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This chapter is from the book

Telemarketing: Interruption Marketing vs. Interception Marketing

Outside-in marketing is based on the simple premise that successful digital marketing allows the audience to tell you what they need so you can provide it. “What if your audience doesn’t know that it wants what you are trying to sell? How can you attract them?” We have often been asked these questions by folks who have a vested interest in the status quo of inside-out marketing. For them, a part of every campaign involves some cold calling of prospects in a list they bought somewhere. The only intelligence they use in this method is to verify that the prospects have some likelihood to buy the product or service in the future. But they typically have no idea where the prospects are in the sales cycle—how ready they are to receive the message.

You might think that in the age of do-not-call lists and other consumer protections that telemarketing is dying. Not so. The Bureau of Labor Statistics claims that there were a quarter of a million telemarketers engaged full time in the United States in 2012. This is about the same as it was in the previous reporting period. So telemarketing is still widespread and does not seem to be decreasing, especially when you consider that robo-calls are allowing the same number of telemarketers to make even more calls per person. But telemarketing techniques usually fail or at least produce ill will that costs you in other ways.

Why? Because prospects don’t like getting interrupted. Even those who tolerate interruption are less apt to act favorably to these interruptions for a simple reason: It takes a lot of mental effort to change one’s train of thought. Think about the last time you got a call from a group that fit with your attitudes—perhaps a charity that supports the families of kids with cancer. If you said “no,” the likely reason is that you were engaged with some other project, and you just didn’t want to think about something else at that time.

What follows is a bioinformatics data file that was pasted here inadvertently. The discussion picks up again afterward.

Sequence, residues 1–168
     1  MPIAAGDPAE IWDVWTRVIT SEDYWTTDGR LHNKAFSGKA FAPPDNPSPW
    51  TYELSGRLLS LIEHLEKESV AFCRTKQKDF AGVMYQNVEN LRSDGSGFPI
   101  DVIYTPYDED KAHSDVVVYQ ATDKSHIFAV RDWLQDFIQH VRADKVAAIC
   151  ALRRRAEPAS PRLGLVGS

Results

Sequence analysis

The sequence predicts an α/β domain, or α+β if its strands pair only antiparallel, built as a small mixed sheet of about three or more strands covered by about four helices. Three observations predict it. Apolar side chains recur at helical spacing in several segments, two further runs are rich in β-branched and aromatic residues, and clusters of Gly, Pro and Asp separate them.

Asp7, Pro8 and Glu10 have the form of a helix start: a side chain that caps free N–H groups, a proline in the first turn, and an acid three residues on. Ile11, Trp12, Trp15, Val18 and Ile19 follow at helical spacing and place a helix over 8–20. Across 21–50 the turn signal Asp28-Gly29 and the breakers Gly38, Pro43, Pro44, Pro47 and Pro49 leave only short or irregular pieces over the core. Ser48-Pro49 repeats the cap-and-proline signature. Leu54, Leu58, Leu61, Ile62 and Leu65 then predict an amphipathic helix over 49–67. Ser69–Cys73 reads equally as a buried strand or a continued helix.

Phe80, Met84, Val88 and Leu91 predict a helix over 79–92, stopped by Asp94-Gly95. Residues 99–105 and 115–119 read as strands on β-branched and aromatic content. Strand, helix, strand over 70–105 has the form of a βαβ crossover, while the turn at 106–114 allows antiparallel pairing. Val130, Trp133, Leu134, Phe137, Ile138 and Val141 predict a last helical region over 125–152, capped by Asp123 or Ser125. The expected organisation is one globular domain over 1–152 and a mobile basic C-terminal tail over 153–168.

This is the problem with interruption marketing. Even those who might be interested at some time are rarely interested at the time marketers interrupt them. This is no diatribe against telemarketing. Telemarketing is merely an example of interruption marketing.

Some marketers claim that it’s normal for at least part of your market not to know that they need your product. And it is. But “educational” marketing is no different from any other kind of marketing: It’s much more effective when your audience is pulling the knowledge to them when needed than when you push it at them, regardless of need.

The data suggests that prospects are much more likely to respond favorably to messages if they are not required to change their train of thought to grasp them. When you intercept prospects already looking for answers to certain questions, and you give them the answers they are looking for, you are bound to be much more effective.

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